After just a few days we were at Stoke-on-Trent, visiting a couple of good friends who were moored in Festival Marina, and then calling into Keeping Up's birthplace at Longport. We were particularly interested to find out whether our cooling tank had been built with baffles inside it (to improve its performance by forcing the water to zig-zag through it) because Beta Marine had advised us that the tank might be too small if it did not have them. The boat builders told us that they didn't have any plans of our boat, and that of course everything was "bespoke" so there was no standard design for the tank on their boats; then just as we began to think that there was no way of finding out about the internal construction of the tank they suggested that perhaps we should speak to the man who had done the original welding on our boat. After 23 years he was still working there, and to our delight he remembered every single detail of her construction as she was the longest (and last) cruiser that they had ever built; even better, he specifically remembered welding 4 vertical baffles inside the tank. In fact he even remembered their exact dimensions in mm !!!!

After leaving Stoke with smiles on our faces we made short work of Harecastle Tunnel and Heartbreak Hill, and a couple of days later we were comfortably moored above "Maureen's Lock" at Middlewich. Maureen  Shaw (1934-2012) was a wonderful lady. Having been a boatwoman all her life she eventually retired to Wardle Lock cottage, and recently a plaque was erected in her memory beside the lock. We  were pleased to see that it is indeed a fine plaque which records a few of her memories, the full text can be found here. My own memory is of the way she would always come out and chat with people from the passing boats, to help them, to offer them words of advice, and to comment on their boating abilities (or lack of them). I consider it a great privilege to have met her and chatted to her on many occasions, particularly the time when she admired my bronze windlass and hurried to bring out her personal collection of windlasses to show me, and I am specially proud that on one occasion she was highly complimentary about the way I had brought Keeping Up around the tricky corner at the junction.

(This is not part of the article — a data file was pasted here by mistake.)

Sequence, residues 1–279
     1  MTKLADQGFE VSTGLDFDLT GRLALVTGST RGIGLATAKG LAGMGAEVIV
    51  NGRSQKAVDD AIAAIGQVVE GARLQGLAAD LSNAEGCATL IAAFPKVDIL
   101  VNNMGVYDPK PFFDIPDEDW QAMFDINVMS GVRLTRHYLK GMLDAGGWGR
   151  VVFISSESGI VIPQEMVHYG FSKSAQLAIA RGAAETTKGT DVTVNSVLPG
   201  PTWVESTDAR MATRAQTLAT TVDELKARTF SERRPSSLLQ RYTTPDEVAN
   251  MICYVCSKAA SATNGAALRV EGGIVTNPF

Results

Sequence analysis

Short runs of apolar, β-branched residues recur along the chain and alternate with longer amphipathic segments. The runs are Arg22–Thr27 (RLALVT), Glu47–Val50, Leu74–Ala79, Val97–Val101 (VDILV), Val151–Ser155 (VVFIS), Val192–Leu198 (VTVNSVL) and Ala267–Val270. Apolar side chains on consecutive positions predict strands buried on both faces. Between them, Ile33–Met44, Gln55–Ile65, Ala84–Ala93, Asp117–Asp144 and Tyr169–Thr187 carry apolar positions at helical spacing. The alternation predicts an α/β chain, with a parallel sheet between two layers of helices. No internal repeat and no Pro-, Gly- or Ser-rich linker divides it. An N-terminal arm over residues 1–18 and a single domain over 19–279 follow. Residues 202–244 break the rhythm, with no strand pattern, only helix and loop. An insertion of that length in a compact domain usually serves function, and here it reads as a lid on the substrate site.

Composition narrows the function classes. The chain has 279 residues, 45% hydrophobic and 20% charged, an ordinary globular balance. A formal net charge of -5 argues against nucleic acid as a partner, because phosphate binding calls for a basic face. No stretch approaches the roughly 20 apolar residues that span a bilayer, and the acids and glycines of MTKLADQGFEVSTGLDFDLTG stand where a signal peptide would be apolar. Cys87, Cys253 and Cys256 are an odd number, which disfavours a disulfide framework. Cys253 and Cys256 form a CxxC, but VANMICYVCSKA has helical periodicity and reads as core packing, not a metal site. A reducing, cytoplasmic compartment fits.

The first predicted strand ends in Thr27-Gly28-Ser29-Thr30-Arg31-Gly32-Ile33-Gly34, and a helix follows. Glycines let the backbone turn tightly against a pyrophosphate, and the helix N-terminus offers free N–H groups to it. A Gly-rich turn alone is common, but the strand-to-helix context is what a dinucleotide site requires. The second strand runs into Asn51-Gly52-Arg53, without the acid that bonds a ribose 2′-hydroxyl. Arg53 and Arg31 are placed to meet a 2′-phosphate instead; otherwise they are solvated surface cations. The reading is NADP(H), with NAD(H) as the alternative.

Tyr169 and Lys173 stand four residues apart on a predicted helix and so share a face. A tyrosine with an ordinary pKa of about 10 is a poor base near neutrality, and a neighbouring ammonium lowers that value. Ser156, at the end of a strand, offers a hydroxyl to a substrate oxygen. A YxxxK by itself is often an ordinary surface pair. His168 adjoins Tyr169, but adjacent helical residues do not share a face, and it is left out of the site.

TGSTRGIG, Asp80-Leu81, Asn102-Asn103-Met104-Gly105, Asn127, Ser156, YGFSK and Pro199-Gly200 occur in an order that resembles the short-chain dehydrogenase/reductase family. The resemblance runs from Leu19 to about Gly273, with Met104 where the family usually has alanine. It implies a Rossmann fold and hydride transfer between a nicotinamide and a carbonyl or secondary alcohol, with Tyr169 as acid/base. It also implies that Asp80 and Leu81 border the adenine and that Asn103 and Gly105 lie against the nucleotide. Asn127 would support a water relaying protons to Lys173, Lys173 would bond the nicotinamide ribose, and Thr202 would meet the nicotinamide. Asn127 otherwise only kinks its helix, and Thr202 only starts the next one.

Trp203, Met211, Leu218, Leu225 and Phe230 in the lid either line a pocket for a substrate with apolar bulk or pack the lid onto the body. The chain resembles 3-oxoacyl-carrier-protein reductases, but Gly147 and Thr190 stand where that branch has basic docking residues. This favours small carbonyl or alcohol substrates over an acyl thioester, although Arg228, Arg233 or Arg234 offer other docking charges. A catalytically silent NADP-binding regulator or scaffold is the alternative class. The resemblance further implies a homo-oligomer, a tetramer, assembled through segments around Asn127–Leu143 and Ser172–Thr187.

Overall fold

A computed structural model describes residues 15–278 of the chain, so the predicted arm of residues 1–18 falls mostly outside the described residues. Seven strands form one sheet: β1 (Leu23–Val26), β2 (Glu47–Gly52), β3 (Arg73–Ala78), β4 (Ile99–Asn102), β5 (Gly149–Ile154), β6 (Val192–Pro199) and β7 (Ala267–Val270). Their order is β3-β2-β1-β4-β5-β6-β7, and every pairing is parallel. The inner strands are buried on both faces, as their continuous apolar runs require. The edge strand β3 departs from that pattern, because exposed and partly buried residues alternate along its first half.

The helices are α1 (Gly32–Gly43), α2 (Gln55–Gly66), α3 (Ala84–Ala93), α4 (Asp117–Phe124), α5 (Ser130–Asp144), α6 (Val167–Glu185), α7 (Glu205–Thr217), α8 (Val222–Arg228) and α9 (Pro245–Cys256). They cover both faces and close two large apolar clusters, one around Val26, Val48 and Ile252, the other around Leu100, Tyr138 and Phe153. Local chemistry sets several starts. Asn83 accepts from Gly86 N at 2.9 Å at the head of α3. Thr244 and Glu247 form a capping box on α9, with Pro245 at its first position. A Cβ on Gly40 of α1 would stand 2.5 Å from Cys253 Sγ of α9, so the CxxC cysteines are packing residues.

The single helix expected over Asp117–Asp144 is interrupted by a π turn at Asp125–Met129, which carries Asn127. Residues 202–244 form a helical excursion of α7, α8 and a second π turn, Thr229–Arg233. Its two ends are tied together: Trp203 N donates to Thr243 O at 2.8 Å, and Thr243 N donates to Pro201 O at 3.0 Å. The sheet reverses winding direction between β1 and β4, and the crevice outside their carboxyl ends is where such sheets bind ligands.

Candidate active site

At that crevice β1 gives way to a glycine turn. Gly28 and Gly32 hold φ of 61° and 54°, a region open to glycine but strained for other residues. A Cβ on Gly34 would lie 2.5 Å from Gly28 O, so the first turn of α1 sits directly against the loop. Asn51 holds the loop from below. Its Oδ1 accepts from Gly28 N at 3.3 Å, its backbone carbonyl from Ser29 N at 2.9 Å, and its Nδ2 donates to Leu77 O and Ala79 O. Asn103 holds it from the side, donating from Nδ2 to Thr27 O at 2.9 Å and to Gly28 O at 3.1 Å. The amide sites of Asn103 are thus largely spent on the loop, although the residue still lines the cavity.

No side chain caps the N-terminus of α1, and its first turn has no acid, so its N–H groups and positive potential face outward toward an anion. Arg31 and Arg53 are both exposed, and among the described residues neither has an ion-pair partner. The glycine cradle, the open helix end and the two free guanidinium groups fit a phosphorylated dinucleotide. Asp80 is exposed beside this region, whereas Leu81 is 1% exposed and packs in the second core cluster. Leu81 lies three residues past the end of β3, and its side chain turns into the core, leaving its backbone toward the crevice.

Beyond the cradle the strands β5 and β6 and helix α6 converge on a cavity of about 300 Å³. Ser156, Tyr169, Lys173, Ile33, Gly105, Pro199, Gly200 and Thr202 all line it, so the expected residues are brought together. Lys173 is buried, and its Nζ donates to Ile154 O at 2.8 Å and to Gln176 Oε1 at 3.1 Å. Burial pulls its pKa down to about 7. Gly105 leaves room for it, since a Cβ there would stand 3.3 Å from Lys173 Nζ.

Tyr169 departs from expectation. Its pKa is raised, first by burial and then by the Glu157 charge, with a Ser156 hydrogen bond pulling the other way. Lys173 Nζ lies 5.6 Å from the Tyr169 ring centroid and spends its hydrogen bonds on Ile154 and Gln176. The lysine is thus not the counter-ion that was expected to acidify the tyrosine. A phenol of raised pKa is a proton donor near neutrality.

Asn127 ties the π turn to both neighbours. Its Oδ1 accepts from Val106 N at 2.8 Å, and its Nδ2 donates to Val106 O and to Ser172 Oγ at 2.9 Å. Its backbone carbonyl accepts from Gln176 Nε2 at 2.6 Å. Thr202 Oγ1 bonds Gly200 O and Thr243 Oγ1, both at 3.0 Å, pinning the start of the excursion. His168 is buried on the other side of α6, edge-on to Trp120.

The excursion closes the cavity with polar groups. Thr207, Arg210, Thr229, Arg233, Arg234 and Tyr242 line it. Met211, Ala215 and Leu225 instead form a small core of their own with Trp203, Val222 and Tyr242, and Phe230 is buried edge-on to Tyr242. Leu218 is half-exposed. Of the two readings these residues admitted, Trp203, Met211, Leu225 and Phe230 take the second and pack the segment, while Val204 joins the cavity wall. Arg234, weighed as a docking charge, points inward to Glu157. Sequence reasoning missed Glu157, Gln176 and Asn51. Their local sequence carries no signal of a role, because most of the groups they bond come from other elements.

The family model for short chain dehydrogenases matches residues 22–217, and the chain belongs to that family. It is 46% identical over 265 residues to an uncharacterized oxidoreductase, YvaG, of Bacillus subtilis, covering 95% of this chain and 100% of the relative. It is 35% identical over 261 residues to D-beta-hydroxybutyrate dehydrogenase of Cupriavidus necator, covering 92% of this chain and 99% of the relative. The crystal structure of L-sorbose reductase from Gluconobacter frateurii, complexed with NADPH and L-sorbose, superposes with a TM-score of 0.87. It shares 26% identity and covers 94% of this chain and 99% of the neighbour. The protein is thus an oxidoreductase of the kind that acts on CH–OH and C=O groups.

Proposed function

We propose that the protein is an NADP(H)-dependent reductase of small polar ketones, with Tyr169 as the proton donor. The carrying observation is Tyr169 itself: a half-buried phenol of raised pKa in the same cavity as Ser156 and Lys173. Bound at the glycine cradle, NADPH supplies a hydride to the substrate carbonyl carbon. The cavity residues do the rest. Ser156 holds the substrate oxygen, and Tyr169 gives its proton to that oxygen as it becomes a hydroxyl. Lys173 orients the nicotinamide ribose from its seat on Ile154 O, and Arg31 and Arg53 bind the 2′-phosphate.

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The face on the front of this little boat made us smile